New York, 17 April (STA) - Slovenia does not need a bailout and comparisons with Cyprus ignore the economic fundamentals, Prime Minister Alenka Bratušek said in an opinion piece published by the Wall Street Journal on Wednesday.
"Not all is rosy in Slovenia, but that is true for all of Europe," she said, but noted that Europe, and Slovenia in particular, is "underwriting massive reforms in the public and private sectors".
She acknowledged that the banking sector was "in trouble", which is why the government will establish a bad bank. "Fixing [the banking system] is an absolute priority. A healthy lending environment is key to economic growth."
The government will also promote "sustainable and equitable" growth underpinned by the preservation of a "reasonable and functional safety net".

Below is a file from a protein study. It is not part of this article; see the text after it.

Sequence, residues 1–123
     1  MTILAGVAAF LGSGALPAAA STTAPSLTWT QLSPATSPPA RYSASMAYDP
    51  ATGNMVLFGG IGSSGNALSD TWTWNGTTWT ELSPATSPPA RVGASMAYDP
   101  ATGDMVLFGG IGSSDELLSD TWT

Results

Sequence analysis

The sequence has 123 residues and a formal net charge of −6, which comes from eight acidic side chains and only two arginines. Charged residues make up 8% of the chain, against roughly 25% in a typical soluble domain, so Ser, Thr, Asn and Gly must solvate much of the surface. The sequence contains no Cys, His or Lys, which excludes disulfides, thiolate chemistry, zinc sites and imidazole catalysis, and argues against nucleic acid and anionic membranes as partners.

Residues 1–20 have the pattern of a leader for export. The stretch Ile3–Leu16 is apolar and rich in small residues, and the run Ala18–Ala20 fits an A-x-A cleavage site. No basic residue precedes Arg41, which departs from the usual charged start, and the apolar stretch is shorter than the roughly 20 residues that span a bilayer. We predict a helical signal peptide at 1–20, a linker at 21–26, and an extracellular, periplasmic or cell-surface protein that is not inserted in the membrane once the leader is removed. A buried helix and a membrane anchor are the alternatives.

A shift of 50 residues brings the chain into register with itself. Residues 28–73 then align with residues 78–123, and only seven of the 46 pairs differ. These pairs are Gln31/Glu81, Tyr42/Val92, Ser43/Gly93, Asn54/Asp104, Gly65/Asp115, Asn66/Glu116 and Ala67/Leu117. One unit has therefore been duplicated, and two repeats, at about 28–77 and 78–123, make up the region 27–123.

"We will not let go of this idea; support for public programs like medical care and education will continue. But controlling and effectively allocating public expenses is the way toward fiscal health."
It will also privatize. "I want to reduce the government's direct participation in the real economy. Assets that are in good financial condition will be sold to the highest bidder or to strategic partners who can add significant value to the acquisition."
Meanwhile, distressed assets will be brought under temporary government ownership, restructured and sold.
However, Bratušek also reiterated her government's position that it will not pursue austerity at the expense of growth.
"It is impossible to pay down debt if you can't expand revenue, and the way toward greater revenue is greater growth."
In a barb to financial markets, Bratušek said it was "trendy to speculate which EU country will collapse next...But this is nothing more than misguided speculation."
"We don't need money. Given some trust and some time, Slovenia will again be a vibrant economy and a bright star of Central Europe," she says.